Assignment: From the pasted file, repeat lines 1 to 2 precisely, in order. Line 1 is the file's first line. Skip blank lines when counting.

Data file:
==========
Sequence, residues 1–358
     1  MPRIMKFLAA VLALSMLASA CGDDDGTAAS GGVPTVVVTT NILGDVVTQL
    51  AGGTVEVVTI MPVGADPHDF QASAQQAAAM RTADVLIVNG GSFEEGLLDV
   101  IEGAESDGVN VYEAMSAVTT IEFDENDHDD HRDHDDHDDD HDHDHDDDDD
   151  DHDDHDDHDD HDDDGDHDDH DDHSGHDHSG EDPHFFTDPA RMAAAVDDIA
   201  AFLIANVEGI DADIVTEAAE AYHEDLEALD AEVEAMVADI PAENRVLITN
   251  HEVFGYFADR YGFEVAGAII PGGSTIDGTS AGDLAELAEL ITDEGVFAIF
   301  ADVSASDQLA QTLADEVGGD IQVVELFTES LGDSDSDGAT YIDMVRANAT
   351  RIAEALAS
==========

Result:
Sequence, residues 1–358
     1  MPRIMKFLAA VLALSMLASA CGDDDGTAAS GGVPTVVVTT NILGDVVTQL